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James Agee Conference reverts to in-person at Pellissippi State

Charles Dodd White with books
James Agee Conference founder Charles Dodd White, pictured here with his novels at the grand opening of the Appalachian Heritage Project in Pellissippi State’s Strawberry Plains Campus Library in 2022, has moved the annual literature conference to the Strawberry Plains Campus, as it returns to an in-person format for the first time since 2019.

Pellissippi State Community College’s annual literature conference returns to its original in-person format this year – but in a new location. 

The James Agee Conference for Arts and Literature will be held Saturday, March 2, from 9 a.m. – 4:30 p.m. on the college’s Strawberry Plains Campus, 7201 Strawberry Plains Pike, Knoxville. The event is free and open to the public. 

Presenters will focus on poetry, creative nonfiction, young adult fiction, rare book collecting and musical performance. The day will end with a book signing with the authors and an open mic for any attendees who want to read their own work. 

“We always feature talents in our region, and we are pushing out to see a different view,” said conference founder Charles Dodd White, an author and professor of English at Pellissippi State. “This is the first year we’ve had a young adult fiction writer, and our creative nonfiction presenter, Arwen Donahue, not only writes but illustrates her books, which adds a mixed media voice to the conference.” 

Also new this year is a session on rare book collecting with Micah McCrotty, who will bring some of his finds. 

“The conference is always evolving, and this is a different way of participating in book culture,” White said.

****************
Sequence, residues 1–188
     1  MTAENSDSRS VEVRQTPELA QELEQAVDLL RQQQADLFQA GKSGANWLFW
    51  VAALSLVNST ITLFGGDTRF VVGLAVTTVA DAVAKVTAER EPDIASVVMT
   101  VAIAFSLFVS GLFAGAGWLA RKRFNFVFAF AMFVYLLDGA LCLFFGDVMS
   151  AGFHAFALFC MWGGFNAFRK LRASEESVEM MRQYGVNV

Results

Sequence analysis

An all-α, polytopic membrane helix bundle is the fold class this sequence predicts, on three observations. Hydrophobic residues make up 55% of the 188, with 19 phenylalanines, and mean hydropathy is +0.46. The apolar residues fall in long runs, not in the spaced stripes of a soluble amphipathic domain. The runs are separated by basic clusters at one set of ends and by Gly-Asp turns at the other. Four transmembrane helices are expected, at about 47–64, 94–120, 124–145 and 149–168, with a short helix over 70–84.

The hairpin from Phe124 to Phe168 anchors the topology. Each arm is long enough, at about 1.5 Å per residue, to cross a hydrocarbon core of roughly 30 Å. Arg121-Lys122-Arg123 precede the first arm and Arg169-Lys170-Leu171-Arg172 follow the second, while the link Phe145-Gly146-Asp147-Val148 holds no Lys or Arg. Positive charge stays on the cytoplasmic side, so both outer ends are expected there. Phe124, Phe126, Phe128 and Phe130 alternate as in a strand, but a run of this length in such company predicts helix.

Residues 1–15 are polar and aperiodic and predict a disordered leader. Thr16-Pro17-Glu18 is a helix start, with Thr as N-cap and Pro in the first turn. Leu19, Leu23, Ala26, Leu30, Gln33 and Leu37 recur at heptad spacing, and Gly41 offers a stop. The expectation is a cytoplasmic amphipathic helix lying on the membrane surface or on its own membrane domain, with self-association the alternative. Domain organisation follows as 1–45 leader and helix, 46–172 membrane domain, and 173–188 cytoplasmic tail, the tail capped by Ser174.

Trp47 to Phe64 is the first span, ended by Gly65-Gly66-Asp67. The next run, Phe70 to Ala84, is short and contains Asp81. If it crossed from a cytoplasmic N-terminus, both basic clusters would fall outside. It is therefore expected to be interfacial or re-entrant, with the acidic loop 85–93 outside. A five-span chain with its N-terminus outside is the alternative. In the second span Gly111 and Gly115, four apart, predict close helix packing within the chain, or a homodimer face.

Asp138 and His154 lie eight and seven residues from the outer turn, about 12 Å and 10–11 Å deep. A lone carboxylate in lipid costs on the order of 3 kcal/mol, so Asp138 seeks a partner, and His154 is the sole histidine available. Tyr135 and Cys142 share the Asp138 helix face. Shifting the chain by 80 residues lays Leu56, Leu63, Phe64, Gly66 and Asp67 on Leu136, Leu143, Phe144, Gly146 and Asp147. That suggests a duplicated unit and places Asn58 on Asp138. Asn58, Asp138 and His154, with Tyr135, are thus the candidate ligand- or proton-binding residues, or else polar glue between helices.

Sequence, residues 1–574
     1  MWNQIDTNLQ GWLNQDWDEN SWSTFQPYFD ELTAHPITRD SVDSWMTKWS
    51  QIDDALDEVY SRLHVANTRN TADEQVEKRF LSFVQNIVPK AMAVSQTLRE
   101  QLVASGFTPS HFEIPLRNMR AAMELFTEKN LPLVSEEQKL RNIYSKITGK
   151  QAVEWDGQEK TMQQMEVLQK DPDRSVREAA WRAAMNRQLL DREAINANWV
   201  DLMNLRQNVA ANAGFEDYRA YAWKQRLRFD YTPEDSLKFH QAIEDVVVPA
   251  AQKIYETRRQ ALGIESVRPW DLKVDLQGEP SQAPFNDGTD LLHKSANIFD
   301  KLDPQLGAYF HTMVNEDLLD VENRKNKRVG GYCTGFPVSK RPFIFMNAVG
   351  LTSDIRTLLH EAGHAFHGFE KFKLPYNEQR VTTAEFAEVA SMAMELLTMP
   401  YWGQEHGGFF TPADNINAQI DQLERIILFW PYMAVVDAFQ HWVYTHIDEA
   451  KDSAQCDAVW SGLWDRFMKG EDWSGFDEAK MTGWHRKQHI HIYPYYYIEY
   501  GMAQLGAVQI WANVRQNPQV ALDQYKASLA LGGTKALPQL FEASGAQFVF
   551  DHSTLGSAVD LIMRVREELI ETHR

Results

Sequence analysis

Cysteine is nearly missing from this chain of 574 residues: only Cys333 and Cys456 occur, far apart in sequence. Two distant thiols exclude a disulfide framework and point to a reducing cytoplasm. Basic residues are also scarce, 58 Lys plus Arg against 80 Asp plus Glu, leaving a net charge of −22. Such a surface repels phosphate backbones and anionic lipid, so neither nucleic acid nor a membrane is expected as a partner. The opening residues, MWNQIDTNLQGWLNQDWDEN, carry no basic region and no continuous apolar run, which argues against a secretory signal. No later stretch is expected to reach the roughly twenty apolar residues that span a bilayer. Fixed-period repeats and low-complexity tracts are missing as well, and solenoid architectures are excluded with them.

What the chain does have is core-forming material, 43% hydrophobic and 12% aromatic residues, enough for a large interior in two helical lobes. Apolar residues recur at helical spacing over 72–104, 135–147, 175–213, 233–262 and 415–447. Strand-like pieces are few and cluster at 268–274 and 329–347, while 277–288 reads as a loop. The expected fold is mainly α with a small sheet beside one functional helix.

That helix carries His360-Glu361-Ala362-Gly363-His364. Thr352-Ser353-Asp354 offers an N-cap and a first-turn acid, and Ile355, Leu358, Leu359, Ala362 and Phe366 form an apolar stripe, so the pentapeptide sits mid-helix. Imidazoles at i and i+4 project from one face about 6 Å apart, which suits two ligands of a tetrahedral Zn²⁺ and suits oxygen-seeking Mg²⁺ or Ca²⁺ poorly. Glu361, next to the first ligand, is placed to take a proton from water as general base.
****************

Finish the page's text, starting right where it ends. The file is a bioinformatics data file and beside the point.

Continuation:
White created the James Agee Conference in fall 2016 to give Pellissippi State students an opportunity to attend a scholarly conference while also celebrating the literature, culture and arts of Appalachia. The conference transitioned into an online-only reading series in 2021 and 2022 in response to the COVID-19 pandemic. 

The conference returns to in-person this spring in a new location: the Strawberry Plains Campus Library, which houses the college’s Appalachian Heritage Project. Funded in part by the National Endowment for the Humanities, the Appalachian Heritage Project features curated collections of materials about all aspects of the region and quarterly programming focused on the art, literature, customs and history of the area. 

“When I came over to teach at the Strawberry Plains Campus, I wanted to have something that is a complement to the Young Creative Writers Conference held here each fall,” White said. “While that conference is aimed toward high school students and this is a professional conference, we are reinforcing the mission of each event by working together.” 

Conference organizers request that participants register beforehand. To see the list of presenters and the schedule, and to register, visit